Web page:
Ants in your home?
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During the late spring and throughout the summer, there are small black and brownish ants you may find all over your home and property. There are a lot of species of ants out there, but one of the most common across North America is the Odorous House Ant, which is also sometimes called a sugar ant, stink ant or coconut ant. They are a social species with some unique characteristics, including the fact they release a distinct odor when crushed.
These ants will get into food and create a trail across your kitchen, which can be unsightly and disturbing. If you find you have an odorous house ant invasion going on around your property, contact an Ehrlich Pest Control specialist today.
The odorous house ant is part of the Tapinoma sessile species of ant. They are a social ant species, meaning they live in large colonies with one or even two queens and multiple nests located in close proximity to each other. They forage for food, like most other social ant species, and are capable of adapting to a number of environments, including indoors in residences or businesses.
Odorous house ants will forage for food, leaving a trail to where the food has been found, and returning to the nests. Other worker ants then follow this chemical trail to the food and this can lead to a line of ants across a kitchen floor and kitchen counters and other areas.
Odorous house ants will eat a diverse number of foods. Just about any food left open to the air the ants can find, they will start to pick apart and take back to their nest. However, their alternate name, sugar ants, probably gives the best indication of the type of food they prefer.
If it’s sweet, these ants will go for it. In the wild, they eagerly eat honeydew, which is a sweet substance produced by aphids. They also eat floral nectars, but inside, they will eat candy, sugar, fruits and other foods high in sucrose.
The nest for odorous house ants can be found in a number of places. Outdoors, they can be found among rocks, but will also build mounds in exposed soil.
Indoors, the ants will prefer to find areas where they have easy access to heat registers to keep themselves warm during cooler months. Nests have been found in attics among insulation, but also inside house plants and even under toilet seats.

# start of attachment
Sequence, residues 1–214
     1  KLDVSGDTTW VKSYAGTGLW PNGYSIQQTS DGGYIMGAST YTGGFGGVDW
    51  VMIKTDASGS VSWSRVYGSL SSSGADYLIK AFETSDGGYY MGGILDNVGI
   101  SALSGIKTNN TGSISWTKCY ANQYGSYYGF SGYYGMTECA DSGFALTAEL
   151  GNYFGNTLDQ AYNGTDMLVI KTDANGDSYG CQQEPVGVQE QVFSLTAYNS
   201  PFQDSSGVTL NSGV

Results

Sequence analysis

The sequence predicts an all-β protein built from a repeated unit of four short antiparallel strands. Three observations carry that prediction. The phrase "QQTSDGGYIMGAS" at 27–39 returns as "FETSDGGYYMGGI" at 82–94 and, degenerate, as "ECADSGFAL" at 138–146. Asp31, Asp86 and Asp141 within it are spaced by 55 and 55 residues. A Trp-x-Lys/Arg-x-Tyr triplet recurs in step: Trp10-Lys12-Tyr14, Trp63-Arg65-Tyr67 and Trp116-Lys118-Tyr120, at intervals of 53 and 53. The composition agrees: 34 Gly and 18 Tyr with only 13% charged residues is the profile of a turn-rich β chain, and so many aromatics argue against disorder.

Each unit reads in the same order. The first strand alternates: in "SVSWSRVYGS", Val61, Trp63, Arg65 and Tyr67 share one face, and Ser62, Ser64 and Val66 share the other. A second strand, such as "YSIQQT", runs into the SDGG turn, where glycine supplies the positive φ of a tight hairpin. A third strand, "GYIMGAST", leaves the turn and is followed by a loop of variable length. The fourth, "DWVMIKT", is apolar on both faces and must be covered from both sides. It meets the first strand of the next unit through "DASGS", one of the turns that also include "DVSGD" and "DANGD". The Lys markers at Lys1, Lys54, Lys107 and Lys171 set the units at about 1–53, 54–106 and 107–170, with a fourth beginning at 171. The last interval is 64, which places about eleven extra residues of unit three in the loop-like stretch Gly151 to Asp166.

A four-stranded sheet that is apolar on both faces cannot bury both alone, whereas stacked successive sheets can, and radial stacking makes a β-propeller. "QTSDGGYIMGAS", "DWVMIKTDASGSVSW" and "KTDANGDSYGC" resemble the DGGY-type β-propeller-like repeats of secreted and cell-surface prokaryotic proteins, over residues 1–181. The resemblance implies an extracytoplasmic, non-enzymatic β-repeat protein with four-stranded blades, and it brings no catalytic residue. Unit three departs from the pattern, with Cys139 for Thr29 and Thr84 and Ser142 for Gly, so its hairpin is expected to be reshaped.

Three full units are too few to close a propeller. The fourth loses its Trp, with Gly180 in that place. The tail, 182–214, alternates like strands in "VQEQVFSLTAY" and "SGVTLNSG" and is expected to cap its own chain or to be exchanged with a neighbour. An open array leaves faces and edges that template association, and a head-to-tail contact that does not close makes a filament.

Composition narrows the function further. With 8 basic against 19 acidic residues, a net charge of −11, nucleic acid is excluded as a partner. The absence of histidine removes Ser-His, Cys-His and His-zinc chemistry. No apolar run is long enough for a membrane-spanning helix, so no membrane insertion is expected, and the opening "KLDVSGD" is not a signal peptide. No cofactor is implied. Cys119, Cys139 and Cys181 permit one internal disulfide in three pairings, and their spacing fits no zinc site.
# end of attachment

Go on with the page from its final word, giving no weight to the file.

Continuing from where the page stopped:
In general, odorous house ants do not bite people. They are very small, and not looking to bite people. They are looking for sugary foods to bring back to their nests and are not known to defend against predators or threats the way fire ants have been known to. It is not impossible that an ant, if handled, might bite, but it would be very rare and likely pose no danger to the person bitten.
The best way to get rid of odorous house ants is to prevent them from entering at all. Since they are very small, making sure doors and door sweeps close tightly and do not leave gaps to the outdoors is key. Make sure there are no hole so cracks in walls, screens or the roof where ants might be able to get inside.
If there is an infestation of odorous house ants, you have to be careful about getting rid of them. Crushing them will allow them to emit the harsh odor that gives them their name. Since their invasion forces can be quite large, trying to crush all of them can lead to an intense smell that is very unpleasant.
Removing their food source is important. Seal up foods and remove any open containers and lock up sugary foods. Cleaning the floors to wipe out the chemical trails is important and will remove any sugary debris left behind on floors or counters.
The best way to get rid of odorous house ants, any other ants, or other pest infestations, is to consult with an Ehrlich Pest Control specialist. Our specialists can identify the species of ant more effectively, figure out how they are getting in, what they are attracted to, and how to most effectively get rid of them and prevent a return.
Don’t just live with odorous house ants in the house. Get rid of ants by contacting Ehrlich today!